Hundreds of left-wing protesters marched in Tel Aviv on Saturday after newly revealed details of Prime Minister Benjamin Netanyahu’s negotiations on an alleged deal to secure favorable coverage from Israel’s biggest-selling daily, Yedioth Ahronoth, prompted a surge in criticism.
Netanyahu is being investigated for two separate corruption cases and as details emerge the probe has also fueled speculation that, should he be indicted, his governing coalition could collapse, boosting the prospects of new elections.
Opposition lawmakers at the weekend escalated their criticism of Netanyahu, while several hundred people marched through Tel Aviv to protest his alleged corruption. Netanyahu has denied any wrongdoing.
Protesters walked through the rain Saturday night, waving Israeli flags and calling on the government to resign. “You take from the poor to give to the rich, a government of the corrupt,” they chanted.
Several Zionist Union and Meretz lawmakers took part in the protest. Zionist Union MK Stav Shaffir, one of the leaders of the march, took to social media to declare Netanyahu “the first mafia prime minister of Israel.”
“Netanyahu is grasping to stay in power out of a desire for power and the luxuries that it brings, and not out of a desire to do good for the country,” Shaffir wrote in a Facebook post.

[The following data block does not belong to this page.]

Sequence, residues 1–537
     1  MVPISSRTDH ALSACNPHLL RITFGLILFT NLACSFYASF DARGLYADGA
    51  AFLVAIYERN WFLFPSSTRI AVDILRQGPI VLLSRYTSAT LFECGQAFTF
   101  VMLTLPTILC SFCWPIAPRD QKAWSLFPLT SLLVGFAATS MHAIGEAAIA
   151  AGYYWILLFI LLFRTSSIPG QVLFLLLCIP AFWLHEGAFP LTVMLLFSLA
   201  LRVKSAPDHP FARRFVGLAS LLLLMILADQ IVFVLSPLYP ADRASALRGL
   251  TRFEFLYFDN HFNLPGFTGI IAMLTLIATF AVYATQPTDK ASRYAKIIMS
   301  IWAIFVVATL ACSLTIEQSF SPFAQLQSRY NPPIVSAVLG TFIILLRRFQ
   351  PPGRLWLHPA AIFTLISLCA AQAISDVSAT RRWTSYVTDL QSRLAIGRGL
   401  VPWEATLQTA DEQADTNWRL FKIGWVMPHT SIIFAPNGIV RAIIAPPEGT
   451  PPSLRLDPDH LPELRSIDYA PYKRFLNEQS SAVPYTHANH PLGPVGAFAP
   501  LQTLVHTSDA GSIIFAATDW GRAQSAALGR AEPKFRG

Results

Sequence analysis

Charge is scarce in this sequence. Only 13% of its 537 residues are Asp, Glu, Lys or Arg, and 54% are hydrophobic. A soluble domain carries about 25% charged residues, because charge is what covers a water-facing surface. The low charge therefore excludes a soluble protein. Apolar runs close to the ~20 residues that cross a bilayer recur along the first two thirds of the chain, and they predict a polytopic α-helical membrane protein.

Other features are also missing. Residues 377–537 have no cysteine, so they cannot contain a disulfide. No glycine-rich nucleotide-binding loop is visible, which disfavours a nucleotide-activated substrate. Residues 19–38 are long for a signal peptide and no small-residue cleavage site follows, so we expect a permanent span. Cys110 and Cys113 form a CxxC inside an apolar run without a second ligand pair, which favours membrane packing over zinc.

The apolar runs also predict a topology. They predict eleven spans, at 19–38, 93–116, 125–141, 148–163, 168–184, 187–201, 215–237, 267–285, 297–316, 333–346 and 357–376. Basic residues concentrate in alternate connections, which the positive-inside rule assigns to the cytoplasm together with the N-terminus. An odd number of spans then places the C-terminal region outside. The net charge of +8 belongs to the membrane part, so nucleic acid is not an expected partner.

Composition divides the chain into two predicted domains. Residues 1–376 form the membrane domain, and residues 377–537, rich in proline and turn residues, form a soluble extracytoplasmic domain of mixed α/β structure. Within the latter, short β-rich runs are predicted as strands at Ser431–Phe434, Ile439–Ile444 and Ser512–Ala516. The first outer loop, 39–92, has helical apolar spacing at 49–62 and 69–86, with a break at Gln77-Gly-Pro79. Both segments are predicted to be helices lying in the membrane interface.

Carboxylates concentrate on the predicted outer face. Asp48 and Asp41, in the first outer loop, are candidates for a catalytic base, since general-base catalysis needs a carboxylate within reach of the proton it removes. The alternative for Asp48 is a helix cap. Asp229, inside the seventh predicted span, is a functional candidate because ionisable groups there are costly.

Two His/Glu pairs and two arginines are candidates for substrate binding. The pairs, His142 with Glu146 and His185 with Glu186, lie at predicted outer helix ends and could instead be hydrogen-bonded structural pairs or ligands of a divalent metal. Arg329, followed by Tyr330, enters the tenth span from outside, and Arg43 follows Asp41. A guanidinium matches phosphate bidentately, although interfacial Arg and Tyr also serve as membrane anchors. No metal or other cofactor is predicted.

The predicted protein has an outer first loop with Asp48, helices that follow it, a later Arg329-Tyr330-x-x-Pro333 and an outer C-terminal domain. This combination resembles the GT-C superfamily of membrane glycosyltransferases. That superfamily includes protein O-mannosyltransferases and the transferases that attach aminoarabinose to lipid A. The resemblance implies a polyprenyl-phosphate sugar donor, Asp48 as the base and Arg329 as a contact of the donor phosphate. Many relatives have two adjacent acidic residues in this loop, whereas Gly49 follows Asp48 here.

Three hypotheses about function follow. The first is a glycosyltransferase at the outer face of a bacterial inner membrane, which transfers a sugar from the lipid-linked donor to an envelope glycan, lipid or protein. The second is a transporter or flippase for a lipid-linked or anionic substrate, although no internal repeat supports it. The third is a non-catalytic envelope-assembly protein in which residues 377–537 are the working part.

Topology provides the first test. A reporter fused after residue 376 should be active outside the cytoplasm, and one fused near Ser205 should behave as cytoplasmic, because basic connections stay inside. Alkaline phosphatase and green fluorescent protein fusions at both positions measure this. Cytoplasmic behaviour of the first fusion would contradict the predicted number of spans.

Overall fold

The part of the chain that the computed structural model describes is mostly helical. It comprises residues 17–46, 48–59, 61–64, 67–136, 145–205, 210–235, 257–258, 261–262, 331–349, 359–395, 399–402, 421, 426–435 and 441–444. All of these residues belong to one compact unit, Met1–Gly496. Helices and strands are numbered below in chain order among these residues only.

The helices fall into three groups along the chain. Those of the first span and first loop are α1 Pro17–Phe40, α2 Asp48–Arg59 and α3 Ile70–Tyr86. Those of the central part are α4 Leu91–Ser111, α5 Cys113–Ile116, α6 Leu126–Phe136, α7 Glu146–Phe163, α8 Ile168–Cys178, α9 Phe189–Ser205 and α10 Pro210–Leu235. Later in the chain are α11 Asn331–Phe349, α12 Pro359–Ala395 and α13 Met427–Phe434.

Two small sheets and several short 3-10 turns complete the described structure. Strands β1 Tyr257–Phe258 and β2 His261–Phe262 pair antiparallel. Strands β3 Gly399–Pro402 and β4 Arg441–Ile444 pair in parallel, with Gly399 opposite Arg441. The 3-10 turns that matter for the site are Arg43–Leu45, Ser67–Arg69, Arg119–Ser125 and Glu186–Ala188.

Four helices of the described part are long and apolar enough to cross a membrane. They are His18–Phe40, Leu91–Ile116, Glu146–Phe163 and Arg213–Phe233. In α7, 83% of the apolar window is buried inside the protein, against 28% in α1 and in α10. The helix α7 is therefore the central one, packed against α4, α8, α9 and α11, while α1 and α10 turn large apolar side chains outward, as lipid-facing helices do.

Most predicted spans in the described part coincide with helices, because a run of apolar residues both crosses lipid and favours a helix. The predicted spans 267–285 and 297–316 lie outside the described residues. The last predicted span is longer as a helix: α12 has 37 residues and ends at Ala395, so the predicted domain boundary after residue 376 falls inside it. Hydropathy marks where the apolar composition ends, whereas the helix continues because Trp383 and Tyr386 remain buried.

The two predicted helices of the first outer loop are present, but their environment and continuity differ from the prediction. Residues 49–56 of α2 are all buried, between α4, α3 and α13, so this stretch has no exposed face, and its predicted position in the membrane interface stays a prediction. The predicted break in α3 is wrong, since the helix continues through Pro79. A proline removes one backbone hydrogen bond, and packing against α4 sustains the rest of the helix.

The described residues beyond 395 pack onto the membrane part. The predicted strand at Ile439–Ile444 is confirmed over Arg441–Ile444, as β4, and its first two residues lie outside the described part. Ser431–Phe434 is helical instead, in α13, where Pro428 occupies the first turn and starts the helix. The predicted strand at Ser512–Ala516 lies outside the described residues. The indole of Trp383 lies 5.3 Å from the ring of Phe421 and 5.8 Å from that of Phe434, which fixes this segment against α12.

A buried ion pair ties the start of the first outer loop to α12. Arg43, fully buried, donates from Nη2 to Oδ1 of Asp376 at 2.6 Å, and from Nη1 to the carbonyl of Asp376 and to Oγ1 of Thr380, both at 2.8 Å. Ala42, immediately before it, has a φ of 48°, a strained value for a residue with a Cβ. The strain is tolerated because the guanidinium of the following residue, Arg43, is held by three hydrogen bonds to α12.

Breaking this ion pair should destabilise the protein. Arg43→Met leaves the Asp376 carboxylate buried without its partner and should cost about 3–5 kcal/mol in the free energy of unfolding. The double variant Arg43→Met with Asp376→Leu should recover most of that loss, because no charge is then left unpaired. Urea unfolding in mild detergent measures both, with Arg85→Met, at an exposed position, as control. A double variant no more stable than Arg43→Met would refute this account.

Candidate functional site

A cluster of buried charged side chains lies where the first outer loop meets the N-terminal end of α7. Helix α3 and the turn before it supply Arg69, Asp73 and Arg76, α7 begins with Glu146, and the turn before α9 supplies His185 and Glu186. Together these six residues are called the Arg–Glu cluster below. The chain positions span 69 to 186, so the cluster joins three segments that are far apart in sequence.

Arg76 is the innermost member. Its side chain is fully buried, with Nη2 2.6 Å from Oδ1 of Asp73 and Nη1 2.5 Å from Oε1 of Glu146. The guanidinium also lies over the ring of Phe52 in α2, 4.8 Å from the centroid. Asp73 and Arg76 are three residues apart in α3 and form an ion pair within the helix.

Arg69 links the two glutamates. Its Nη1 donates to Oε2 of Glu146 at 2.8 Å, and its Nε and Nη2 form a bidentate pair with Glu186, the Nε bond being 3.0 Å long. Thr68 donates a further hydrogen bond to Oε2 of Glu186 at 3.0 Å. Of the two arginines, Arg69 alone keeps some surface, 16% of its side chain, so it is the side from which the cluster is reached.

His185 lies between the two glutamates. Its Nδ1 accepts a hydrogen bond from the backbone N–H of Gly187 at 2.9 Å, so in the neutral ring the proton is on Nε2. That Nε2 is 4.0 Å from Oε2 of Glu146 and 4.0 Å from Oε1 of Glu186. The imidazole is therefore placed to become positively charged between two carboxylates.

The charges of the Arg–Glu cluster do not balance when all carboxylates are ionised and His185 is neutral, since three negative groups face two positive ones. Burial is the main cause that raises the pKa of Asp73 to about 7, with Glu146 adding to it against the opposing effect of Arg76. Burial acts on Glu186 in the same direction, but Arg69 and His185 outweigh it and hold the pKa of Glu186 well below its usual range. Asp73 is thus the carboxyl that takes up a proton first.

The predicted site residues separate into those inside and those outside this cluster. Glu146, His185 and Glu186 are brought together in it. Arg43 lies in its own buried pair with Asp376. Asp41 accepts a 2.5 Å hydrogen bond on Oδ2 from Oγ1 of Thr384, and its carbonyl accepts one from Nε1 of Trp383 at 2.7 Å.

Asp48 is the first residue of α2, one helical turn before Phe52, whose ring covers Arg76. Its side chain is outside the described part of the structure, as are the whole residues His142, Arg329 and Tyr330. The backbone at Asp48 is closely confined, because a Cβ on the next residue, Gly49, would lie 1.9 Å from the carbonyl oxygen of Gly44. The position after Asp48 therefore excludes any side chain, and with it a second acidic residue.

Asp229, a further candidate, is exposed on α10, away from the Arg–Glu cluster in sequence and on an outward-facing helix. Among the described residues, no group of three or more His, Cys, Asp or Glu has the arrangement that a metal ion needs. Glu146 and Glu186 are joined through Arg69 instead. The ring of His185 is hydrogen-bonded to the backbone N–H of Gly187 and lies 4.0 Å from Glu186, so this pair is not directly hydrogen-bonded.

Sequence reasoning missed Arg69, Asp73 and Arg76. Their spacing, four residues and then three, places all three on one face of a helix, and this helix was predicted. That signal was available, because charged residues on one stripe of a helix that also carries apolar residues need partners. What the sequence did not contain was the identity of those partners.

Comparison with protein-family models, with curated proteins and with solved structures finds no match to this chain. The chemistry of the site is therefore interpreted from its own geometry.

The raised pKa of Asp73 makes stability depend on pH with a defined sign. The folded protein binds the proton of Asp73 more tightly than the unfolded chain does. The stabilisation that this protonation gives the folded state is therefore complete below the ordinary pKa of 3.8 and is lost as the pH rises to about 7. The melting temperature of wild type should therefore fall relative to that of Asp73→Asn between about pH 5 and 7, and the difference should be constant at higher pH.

Later, speaking on Israel Radio, she called for the attorney general to release the tapes of Netanyahu’s alleged negotiations with Yedioth Ahronoth publisher Arnon Mozes on a reported deal under which he would have curbed the influence of Yedioth’s rival newspaper, Israel Hayom, in return for more favorable coverage from Yedioth. “We deserve to hear the full recordings, so we know how the prime minister runs the country.”
At a Saturday cultural event in Rishon Lezion, Yesh Atid MK Yael German took Netanyahu to task over the second case under investigation, which involves allegations the prime minister and his wife accepted lucrative gifts from a number of businessmen, most notably Hollywood film producer Arnon Milchan.
She rejected Netanyahu’s explanation to police that the pricey cigars and champagne from Milchan were inconsequential because the two families were “best friends.”
“The prime minister and communications minister can’t accept tens of thousands of shekels from a Channel 10 shareholder, and then just roll his eyes and say ‘it was from a friend,'” German said. “I have friends too, and some of them are rich, but they aren’t gifting me with a constant supply of champagne.”
She also lamented the implications for a free press in Israel if the allegations in the Yedioth case prove true.
“A newspaper that’s willing to sell its integrity and skew coverage in favor of the prime minister is simply unbelievable,” she said. “If the allegations prove to be true, it will be a [black day] for journalism.”
Amid speculation about fresh elections should Netanyahu be indicted, German said her Yesh Atid party’s recent surge in polls was an indication that the centrist party was “increasingly shaping up to be an alternative” to head a governing coalition.